307 digit number factored
leichter_jerrold at emc.com
Fri Oct 12 11:27:43 EDT 2007
| > AFAIK, the only advantage of ECC is that the keys are
| > shorter. The disadvantage is that it isn't as well
| > studied.
| On past performance, elliptic curves are safer than
| integers. From time to time, integer based asymmetric
| encryption is abruptly and surprisingly weakened by
| advances in discrete log algorithms. This is just not
| happening with elliptic curves.
"Past performance does not predict future results."
I don't think this is a particularly strong argument. A
reasonable counter-argument is that we've been doing
number theory over the integers for hundreds of years,
while intensive work on computations over elliptic curves
goes back, what, 20 years at most?
Ultimately, we have no scientific basis for judging the
relative vulnerability of factoring, RSA, discrete
logarithms over integers, discrete logarithms over
elliptic curves, and so on to "breakthrough attacks".
(We can pretty well quantify their vulnerability to
*known* attacks as technology changes, and we have some
rough ideas about "evolutionary" attacks which don't
change the fundamental constraints but give you an
extra factor of 10, say.)
| The cost of computing power is going down faster than
| the cost of communication.
I don't see that at all. There are multiple domains to
consider. In terms of local communication, Ethernet is
continuing to deliver factors of 10 speedup every couple
of years. 10Gb/second Ethernet cards are approaching
the $100 mark. That's an astoundingly fast interconnect.
If you're talking about long-distance communication,
about the only use case I know of where *speed*, as
opposed to *latency*, is a big deal these days is in
moving really big datasets. It's hard to come up with
useful *computations* for which even something like DSL
isn't fast enough that latency completely dominates the
cost to the algorithm of communication.
In any case, how often do you send *keying material*?
The difference between 100 bytes and even 10K bytes is
lost in the noise for that rare operation on any
Meanwhile, single-stream CPU speed has more or less
stalled. Everyone is going for parallelism. Thats's
fine for some problems, not helpful for others. So in
fact it's the lack of progress in CPU speed that makes
for a stronger argument for the smaller operations of
EC than slower communications speeds!
| The size of sufficiently
| safe asymmetric encryption based on integers is growing
| considerably faster than the size of sufficiently safe
| asymmetric encryption based on elliptic curves.
| Thus the advantage of elliptic curve encryption
| continually increases, will become overwhelming in the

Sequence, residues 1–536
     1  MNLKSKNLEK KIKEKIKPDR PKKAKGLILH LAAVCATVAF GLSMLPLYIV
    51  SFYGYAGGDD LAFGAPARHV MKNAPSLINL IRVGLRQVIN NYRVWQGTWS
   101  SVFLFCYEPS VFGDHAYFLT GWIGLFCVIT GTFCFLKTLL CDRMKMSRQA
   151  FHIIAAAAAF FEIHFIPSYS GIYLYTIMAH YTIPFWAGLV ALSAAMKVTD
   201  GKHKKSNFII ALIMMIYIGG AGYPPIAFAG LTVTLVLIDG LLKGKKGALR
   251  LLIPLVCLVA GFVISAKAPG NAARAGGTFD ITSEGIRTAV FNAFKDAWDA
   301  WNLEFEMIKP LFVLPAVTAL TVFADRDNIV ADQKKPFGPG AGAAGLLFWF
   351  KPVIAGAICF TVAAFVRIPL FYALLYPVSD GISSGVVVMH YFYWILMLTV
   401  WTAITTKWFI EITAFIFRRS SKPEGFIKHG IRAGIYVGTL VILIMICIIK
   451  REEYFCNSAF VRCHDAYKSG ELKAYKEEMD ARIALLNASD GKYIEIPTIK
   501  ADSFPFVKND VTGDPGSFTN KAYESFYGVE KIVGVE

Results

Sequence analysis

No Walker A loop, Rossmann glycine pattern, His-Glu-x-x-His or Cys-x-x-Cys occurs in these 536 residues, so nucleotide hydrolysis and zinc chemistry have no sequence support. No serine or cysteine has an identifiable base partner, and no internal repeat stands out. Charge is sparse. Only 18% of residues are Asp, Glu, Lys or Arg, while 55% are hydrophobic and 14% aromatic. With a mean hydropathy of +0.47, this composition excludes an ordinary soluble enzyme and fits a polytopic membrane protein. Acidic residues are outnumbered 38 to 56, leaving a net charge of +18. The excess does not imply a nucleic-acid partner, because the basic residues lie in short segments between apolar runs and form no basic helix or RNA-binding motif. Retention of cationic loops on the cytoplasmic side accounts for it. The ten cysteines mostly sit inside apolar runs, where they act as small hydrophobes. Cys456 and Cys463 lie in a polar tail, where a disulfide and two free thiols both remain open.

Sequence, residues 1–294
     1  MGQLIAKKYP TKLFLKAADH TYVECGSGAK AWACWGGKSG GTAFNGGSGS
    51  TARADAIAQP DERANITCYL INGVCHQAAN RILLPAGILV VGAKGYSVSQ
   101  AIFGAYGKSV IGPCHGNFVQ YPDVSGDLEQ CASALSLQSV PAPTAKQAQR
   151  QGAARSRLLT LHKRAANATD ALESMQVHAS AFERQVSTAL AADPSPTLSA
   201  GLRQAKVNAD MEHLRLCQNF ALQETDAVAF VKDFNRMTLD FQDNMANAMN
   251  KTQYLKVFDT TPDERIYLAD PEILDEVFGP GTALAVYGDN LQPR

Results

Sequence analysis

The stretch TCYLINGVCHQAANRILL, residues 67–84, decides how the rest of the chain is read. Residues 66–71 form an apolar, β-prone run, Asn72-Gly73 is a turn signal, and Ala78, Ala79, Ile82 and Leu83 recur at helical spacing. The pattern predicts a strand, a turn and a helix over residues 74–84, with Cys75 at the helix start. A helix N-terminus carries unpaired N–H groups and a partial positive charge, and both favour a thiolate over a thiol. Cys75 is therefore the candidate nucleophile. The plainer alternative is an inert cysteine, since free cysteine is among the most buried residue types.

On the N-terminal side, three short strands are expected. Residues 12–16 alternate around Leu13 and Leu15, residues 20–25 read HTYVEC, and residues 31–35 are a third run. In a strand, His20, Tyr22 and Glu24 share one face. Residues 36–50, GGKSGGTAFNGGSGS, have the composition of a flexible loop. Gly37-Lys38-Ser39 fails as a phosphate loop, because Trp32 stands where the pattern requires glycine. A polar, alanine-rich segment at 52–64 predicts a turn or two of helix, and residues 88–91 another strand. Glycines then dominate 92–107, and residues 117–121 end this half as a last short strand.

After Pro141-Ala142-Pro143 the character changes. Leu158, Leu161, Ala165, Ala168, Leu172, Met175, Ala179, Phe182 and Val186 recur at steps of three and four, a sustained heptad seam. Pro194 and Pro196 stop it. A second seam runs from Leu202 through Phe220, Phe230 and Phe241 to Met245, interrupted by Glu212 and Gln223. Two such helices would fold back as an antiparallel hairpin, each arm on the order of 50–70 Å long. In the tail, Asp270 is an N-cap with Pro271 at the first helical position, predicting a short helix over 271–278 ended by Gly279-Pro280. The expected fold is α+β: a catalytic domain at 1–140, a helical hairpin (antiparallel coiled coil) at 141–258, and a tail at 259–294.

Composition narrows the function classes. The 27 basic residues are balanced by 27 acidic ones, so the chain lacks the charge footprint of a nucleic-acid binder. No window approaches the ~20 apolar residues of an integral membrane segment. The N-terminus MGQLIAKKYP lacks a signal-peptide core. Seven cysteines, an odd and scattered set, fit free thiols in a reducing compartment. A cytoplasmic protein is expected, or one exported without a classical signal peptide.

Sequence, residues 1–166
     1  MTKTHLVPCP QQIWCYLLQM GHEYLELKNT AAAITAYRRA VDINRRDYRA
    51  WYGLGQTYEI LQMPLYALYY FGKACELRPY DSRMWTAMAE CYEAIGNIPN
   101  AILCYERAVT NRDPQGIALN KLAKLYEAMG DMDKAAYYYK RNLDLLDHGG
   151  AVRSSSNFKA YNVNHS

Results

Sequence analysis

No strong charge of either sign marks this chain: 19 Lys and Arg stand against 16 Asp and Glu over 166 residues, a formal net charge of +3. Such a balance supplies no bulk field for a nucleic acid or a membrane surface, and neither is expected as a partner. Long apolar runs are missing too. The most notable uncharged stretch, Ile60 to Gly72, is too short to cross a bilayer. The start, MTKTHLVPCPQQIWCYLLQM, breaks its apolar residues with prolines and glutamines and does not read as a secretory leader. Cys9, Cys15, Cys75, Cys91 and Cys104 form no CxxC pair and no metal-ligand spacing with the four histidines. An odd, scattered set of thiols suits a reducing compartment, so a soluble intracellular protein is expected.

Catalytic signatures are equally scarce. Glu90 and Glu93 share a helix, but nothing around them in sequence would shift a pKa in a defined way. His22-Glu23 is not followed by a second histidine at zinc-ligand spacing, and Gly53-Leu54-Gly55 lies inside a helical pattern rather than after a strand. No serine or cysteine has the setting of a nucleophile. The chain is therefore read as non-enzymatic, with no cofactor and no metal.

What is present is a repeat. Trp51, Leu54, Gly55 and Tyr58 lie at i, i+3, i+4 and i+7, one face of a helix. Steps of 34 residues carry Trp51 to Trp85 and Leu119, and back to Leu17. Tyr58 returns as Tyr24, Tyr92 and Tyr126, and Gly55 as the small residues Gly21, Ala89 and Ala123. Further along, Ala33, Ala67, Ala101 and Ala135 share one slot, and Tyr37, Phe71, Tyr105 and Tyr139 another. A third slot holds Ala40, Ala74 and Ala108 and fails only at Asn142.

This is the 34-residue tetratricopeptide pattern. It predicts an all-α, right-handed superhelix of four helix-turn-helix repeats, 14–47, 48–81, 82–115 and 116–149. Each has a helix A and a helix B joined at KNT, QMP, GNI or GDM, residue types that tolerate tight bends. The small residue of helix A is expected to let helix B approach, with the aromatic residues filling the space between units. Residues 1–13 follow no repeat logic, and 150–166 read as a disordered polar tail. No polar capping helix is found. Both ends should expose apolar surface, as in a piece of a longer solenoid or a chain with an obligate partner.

| near future - and a large part of that continually
| increasing advantage comes from unpredictable
| improvements in factoring and discrete log over the
| My intuition is that because elliptic curves are
| considerably less orderly than the integers, there is
| less scope for discovering fast discrete log methods. We
| are continually discovering improvements to finding
| discrete logs over the integers. It has been a long
| time since any such has been discovered for elliptic
| curves, long enough to give a plausible hope that no
| further such will ever be discovered.
I don't see that there's anything you can really back
that statement up with. Mathematics takes time. It also
tends to move in fits and starts, because it has all kinds
of unanticipated interconnections. An advance in one field
may be found to have completely unexpected applicability to
another. The proof of Fermat's Last Theorem - based on a
large number of deep results in many different fields, few
if any what you would think of as "number theory over the
integers" in any obvious sense - came together to enable
progress after hundreds of years. This is hardly an
isolated example - it's just a very widely known one.
I quite agree the elliptic curve techniques let you get
by with much smaller parameters, which has any number of
advantages. We have no particular reason to believe that
these techniques are *weaker* than techniques over the
integers, but I don't see that we really have any evidence
that they are *stronger* either. As an engineering choice,
sure, go with the cheaper computation - there's no known
loss in doing so. But don't try to convince yourself that
you've bought extra inherent security that way, because you
really don't know.
The Cryptography Mailing List
Unsubscribe by sending "unsubscribe cryptography" to majordomo at metzdowd.com
More information about the cryptography